It didn’t take long for the people at the park to surround us. They were more interested in Levi than they were me. In America, you don’t see this. We are more conscious of personal space. :) The people talked to Levi for a long time. Our guide wasn’t too far off, and at one point he was able to translate so I knew they weren’t saying derogatory things. It just made it clear that while Levi is on his way to U.S. Citizenship, he is still very much one of them, and he always will be.
Outdoor Senior Center in Taiyuan. The Chinese are very social people; I wonder if we aren’t as social because we generally have more children to rear, and even into old age many Americans have just as much house as they can handle for upkeep. If we lived with less stuff, we’d probably have more time for people.
Every little girl I saw, reminded me of Selah and her MIA biological family.
Everyone here hangs their laundry out to dry. I love to do this in the summers in North Dakota, and since we brought Selah home, my thoughts wander and wonder about Selah’s birth mother every time I hang clothes on the line.
We were able to travel with the most amazing family, the VanDriels! No doubt this was orchestrated by God in His goodness; our children even have the same birthdate. Their Anna turned 3 yesterday when Levi turned 9. The crowd you see here is Mr. VanDriel surrounded by curious Chinese people. Our guide, George, translated and they talked for quite a while. The Chinese people’s consensus? “We wish Obama was a good man like you are.” So do we, Chinese friends. SO. DO. WE.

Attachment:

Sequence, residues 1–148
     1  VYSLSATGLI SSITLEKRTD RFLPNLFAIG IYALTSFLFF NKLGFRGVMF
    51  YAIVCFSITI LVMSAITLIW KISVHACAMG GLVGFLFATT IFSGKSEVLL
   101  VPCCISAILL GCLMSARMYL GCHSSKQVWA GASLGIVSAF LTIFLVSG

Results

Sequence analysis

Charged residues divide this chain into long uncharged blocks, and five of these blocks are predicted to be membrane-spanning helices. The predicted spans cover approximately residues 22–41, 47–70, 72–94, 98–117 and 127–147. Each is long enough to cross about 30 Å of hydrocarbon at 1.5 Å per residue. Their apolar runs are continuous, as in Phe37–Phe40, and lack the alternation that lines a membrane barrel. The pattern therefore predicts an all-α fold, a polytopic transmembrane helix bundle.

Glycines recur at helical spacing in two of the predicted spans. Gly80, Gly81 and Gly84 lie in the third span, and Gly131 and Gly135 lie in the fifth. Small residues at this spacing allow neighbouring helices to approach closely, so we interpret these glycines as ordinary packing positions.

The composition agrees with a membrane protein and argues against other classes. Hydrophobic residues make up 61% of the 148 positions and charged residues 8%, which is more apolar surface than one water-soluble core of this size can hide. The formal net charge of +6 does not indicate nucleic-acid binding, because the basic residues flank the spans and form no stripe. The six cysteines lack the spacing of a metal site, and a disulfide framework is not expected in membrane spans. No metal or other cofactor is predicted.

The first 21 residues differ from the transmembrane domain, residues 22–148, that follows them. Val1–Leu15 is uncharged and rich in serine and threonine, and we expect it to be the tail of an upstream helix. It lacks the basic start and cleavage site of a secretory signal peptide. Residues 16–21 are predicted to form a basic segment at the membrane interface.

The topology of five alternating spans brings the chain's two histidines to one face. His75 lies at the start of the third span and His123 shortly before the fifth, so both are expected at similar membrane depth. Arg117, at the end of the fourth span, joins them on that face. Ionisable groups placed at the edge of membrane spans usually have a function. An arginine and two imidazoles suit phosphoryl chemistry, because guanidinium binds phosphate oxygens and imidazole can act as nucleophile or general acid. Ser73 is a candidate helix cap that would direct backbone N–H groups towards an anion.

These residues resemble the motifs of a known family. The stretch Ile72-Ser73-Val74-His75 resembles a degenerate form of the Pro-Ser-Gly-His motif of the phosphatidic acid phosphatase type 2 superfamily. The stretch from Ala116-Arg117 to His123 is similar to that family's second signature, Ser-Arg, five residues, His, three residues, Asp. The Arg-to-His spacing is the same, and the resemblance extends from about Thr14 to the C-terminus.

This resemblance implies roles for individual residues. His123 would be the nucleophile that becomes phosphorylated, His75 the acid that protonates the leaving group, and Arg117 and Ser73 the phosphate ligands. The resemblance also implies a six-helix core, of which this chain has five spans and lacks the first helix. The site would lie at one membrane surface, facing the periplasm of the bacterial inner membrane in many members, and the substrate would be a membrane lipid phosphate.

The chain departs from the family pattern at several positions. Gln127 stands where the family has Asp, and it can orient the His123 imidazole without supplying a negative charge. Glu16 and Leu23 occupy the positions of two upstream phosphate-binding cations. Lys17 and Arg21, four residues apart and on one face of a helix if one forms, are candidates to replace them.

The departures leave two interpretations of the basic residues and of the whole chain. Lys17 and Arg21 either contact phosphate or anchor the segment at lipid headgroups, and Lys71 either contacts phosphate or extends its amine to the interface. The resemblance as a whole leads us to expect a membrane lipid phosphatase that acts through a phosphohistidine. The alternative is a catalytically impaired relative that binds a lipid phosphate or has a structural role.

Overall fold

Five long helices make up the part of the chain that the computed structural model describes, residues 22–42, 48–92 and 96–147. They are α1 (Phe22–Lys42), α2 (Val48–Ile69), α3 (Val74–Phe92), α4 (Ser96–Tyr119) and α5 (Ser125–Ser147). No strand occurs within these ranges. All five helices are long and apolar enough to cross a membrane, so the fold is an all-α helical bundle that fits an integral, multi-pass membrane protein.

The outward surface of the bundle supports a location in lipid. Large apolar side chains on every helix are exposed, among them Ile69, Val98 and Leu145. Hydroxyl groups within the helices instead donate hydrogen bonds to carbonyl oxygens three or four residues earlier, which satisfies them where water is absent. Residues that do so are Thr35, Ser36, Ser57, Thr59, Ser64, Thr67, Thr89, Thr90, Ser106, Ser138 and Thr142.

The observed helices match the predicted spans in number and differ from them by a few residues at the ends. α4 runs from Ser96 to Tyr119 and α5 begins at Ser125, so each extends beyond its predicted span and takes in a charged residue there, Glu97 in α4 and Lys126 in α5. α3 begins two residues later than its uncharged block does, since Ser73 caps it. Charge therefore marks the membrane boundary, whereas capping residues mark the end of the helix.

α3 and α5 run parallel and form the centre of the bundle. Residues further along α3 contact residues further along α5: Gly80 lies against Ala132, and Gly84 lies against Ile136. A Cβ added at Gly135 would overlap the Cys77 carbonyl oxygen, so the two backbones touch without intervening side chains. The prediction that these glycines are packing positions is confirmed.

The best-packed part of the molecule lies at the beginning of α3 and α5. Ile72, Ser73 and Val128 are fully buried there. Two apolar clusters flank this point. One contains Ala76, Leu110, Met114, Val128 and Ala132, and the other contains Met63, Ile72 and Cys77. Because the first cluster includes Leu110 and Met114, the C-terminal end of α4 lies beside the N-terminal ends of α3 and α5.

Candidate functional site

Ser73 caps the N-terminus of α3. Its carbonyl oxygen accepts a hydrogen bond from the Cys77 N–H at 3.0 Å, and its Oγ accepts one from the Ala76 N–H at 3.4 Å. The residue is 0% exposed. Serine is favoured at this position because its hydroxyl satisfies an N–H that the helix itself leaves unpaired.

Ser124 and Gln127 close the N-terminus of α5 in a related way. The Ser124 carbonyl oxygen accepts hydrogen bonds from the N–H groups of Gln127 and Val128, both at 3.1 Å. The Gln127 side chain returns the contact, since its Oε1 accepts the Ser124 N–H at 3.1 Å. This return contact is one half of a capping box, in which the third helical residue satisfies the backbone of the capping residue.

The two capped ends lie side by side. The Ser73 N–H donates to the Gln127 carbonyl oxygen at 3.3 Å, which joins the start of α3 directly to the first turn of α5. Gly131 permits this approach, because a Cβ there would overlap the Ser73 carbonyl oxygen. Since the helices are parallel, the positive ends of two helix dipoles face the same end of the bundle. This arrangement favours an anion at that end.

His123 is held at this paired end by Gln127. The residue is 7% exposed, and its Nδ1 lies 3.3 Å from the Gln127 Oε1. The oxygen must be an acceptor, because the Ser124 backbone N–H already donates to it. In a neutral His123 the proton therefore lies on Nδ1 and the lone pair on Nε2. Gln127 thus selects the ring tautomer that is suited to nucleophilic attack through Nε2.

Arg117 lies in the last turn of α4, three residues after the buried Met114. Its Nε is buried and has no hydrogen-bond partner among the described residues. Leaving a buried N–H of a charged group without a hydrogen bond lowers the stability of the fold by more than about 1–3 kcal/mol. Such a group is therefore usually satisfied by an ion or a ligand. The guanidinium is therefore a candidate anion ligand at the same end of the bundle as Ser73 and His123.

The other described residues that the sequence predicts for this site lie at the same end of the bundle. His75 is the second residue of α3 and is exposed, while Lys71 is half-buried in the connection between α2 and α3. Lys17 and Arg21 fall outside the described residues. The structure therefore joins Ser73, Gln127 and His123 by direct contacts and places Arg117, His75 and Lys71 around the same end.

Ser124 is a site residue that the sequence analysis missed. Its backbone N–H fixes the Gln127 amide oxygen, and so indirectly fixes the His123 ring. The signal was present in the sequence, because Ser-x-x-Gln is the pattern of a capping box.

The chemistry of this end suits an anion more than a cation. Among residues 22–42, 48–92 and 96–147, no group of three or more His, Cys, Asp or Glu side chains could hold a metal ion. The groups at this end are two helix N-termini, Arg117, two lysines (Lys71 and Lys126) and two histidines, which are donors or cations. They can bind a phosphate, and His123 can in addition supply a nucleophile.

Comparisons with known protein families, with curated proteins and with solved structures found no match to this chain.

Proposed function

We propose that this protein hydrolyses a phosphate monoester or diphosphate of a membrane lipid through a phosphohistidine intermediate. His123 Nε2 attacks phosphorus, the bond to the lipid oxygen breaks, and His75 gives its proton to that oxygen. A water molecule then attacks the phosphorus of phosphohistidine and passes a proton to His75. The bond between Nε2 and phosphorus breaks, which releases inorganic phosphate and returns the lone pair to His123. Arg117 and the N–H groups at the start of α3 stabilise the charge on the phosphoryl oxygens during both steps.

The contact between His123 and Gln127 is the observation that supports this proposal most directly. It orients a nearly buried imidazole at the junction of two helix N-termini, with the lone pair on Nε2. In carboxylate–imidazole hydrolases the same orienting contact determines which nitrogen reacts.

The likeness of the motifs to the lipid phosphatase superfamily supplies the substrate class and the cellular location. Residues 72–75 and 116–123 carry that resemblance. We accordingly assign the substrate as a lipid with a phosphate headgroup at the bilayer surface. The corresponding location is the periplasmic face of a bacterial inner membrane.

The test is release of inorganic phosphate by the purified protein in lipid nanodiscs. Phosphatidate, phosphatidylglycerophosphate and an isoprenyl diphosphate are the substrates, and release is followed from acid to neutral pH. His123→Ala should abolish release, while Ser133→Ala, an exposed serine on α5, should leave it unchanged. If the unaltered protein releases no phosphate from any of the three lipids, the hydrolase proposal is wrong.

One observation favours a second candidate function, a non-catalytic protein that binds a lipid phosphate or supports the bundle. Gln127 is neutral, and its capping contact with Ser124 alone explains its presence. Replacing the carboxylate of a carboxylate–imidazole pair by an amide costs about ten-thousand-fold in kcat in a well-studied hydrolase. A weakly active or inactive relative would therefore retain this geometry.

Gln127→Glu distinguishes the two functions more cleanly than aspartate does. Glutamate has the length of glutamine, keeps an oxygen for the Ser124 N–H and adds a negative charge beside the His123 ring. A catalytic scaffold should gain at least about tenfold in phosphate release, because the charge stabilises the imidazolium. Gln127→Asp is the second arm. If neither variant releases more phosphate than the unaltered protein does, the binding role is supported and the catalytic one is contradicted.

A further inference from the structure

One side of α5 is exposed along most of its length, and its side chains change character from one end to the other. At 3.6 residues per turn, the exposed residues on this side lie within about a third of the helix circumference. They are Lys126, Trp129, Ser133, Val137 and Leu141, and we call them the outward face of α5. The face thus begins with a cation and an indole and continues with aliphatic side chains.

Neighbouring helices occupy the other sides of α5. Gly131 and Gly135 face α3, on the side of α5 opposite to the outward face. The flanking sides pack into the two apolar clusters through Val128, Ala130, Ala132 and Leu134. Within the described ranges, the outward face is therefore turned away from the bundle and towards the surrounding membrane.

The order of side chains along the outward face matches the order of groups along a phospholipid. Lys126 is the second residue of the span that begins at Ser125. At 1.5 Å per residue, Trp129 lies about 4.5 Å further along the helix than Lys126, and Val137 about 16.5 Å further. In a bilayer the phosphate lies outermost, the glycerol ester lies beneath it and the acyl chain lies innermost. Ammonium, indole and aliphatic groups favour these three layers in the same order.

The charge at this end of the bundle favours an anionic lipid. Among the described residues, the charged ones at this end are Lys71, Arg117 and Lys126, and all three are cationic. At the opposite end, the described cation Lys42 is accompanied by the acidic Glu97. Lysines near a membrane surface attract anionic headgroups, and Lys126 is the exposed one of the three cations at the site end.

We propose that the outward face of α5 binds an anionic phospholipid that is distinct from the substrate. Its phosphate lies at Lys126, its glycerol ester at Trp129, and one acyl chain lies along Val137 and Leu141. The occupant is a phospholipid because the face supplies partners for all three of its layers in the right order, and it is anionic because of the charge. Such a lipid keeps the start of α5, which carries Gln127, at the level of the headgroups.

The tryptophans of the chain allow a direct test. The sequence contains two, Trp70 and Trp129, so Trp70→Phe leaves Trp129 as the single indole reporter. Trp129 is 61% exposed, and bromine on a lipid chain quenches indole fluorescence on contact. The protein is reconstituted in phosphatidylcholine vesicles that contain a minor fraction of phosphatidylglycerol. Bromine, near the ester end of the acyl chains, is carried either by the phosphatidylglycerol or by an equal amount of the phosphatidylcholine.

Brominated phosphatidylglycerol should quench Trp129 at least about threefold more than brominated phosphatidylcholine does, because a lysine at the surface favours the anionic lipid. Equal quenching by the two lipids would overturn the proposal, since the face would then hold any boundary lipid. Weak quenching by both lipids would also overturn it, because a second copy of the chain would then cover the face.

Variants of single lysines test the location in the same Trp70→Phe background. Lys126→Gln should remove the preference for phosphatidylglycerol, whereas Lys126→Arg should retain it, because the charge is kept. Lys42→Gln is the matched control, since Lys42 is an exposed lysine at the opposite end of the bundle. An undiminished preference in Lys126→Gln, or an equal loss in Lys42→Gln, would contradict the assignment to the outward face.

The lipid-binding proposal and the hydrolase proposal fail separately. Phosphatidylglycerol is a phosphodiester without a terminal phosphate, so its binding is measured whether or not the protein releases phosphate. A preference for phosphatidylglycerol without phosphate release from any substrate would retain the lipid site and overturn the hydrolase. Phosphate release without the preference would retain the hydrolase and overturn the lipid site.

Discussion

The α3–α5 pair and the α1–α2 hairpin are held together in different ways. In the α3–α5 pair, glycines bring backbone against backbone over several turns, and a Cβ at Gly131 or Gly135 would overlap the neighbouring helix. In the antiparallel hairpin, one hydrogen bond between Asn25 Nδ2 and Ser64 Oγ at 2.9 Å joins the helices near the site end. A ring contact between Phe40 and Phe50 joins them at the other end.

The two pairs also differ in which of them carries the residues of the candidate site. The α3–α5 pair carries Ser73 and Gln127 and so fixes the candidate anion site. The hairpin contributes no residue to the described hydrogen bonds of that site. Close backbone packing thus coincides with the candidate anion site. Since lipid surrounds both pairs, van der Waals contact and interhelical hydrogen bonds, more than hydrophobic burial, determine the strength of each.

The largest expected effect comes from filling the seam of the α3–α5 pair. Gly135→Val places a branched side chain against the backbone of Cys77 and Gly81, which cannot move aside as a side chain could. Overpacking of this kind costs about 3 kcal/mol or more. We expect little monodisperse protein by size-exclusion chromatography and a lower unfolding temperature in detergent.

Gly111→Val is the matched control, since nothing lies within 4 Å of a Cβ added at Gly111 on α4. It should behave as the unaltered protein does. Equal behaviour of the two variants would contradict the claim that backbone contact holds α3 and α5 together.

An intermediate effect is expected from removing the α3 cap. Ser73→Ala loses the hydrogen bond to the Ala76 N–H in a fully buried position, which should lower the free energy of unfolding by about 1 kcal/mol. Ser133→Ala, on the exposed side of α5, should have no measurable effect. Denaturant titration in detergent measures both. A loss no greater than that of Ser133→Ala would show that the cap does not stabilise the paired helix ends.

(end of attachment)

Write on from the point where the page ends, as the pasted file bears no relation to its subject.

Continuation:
Open Market in Taiyuan. Our guides told me that it is most common for them to pick up produce and supplies needed for dinner on a daily basis. Imagine how much fresher the produce is! I’ve lost more than one head of cauliflower in the back of the refrigerator. But our lifestyle does not accommodate a daily trip to the market.
And finally – one of my most treasured memories of our trip. The God who sent me here once again, who stirred up His people to arise and pray, encourage and give sacrificially to be the village to bring Levi home that he may know Him – arranged a very special meeting as our time in China comes to an end. We went on the Pearl River Cruise two nights ago. We were assigned a table for the beginning of the cruise and then we were free to go to the top deck to view the lights. It was so peaceful and beautiful.
As the boat was going back to the dock, Isaac and I took Levi back downstairs to sit, where we found this man at our table. Why didn’t we find a different table? Because we are in China. :) We have been elbow-to-elbow with millions of people for two weeks. So we sat down. The man had joy coming from within. He spoke to Levi a bit and laughed and laughed at his antics. After several moments, he took out his phone and showed me something that gave me chills.
This simple message. Universal. With no regard to male or female, or color of skin. This message, the man wanted me to know the One who saves, changes hearts, and makes all things anew. That God would send His Son, even unto the very ends of the Earth:
I stand in awe of the God we serve. He made Himself known time and again while we sought out Levi. Even now, while here in China, the presence of our Sweet Savior Jesus has gone before me. His Word? It is true. His promises? Never Fail. Haven’t trusted Him yet? You can!
Off to pack and prepare to leave this country and it’s people that have settled under my skin. Still looking for half my heart; no doubt I’ll just leave it here. :)